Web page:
It just feels like Galloway is giving us his formula for career success, that worked for him, in the context of the 80's and 90's.

And look, speaking personally, as Aki -- I also worked hard in my 20's and 30's; I did build key relationships in person; I led teams in person. I met my wife at work! I'm lucky: in person has been good to me.

But I'm also willing to consider that a) in-person has not been good to everyone (this is a massive understatement) b) my experience is my experience, only and c) news flash: the world is, um...changing. What people want from work is changing.

Meantime, jobs, careers, success -- are all non-linear pursuits. They are messy, open-ended, unpredictable -- creative! -- pursuits. They require hard work and luck. There was never one, formulaic "way to succeed"; and now, there are more paths than ever.

Who am I to decide then that your meaning and purpose -- perhaps the most individually derived of quests -- can only be found "at" work? If I sit next to you, and we work elbow-to-elbow together.

While we're here, can we also wax on relationships for a moment? As I say, I've built most of mine in person. I'd go as far as to say I'm a crappy online relationship-builder (so much so, my goal is to improve at building digital ones. 🙌)

But anecdotally, this seems generational: younger generations often have more and deeper online relationships. Just look at the number of long-term partnerships and marriages that have kicked off online.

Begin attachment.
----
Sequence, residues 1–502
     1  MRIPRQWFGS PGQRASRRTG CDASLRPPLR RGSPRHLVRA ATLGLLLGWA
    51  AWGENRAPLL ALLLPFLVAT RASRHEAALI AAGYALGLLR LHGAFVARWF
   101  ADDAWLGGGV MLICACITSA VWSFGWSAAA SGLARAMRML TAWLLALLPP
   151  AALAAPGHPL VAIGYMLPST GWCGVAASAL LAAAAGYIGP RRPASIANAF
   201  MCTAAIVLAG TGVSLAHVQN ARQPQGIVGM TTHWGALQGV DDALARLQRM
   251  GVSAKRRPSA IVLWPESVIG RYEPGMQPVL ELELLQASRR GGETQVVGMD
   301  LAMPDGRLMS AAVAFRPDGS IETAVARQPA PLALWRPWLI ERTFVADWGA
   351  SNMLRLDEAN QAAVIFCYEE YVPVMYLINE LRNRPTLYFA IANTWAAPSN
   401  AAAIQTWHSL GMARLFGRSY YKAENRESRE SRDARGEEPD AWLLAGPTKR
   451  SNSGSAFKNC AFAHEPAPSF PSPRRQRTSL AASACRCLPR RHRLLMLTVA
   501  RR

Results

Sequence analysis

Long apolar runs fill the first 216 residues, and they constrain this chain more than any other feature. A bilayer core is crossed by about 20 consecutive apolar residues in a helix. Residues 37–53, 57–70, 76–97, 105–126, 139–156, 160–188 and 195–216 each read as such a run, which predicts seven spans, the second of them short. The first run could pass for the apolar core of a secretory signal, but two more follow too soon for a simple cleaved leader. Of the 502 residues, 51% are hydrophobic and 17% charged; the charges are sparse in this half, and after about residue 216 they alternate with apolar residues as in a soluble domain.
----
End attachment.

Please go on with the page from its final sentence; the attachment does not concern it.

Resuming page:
Which begs the question: why is it so hard for us to think that people might be able to build deep, meaningful, reciprocal relationships without meeting one another? Whether as mentors, colleagues, partners, or friends. Relationships that benefit from the occasional in-person meeting, sure; but that are fundamentally digital-first.

The irony is that these back-to-work arguments are so often based on calls for "innovation." But innovation requires a certain openness, and a willingness to experiment with new ways of thinking and doing. It means taking leaps of faith, taking risks, embracing the unknown -- and imagination.

And that is what rankles us about the back-to-work arguments: their profound lack of self-awareness, generational awareness, patience -- and imagination. Just because something hasn't functioned a certain way up until now is not a reason to think it cannot, or should not, or will not.

Employees, who have more to gain and less to lose, are taking leaps of faith. Employers and bosses, who perceive they have more to lose, are not. So this week, we take a leap together, into three companies experimenting with different ways to work remotely:

🎯 Story #1 - It's fun to chuckle at Zoom calling its teams back to office. But this take on that news is a great prompt to go deeper, look at the rationale -- and ask whether the company's org thinking is as innovative as its product. 🤔

🎯 Story #2 - The J.M. Smucker Company -- "Smucker's", to many a kid who grew up on its jams and jellies 🙋🏻‍♂️ -- was founded in 1897. Like everyone else, it's struggling with remote work. Unlike many, it's piloting some really unique solves. Meet "core weeks", folks. What are they, and why do they seem to be working? 🍓

🎯 Story #3 - In July I caught up with good friends over dinner in San Francisco, one of whose husband worked for a startup called "SafetyWing". We asked what the company did, but it was how he worked for them that made us all put down our tacos. 🌮🌮 🌮 Check out what a firm on the cutting edge of fully remote work looks like, in our final Story.

In the end, the argument here isn't for remote work. It's for more time and space to see if we can't get remote work more right. Work has evolved before, and let's be honest: it's not in a great place right now. Wouldn't it be a more interesting exercise to ask what could be if remote succeeded? If we took a breath and imagined that with a bit of time, a bit of tech, and a lot of effort, we just might figure it out -- and end up in a better place? ✌️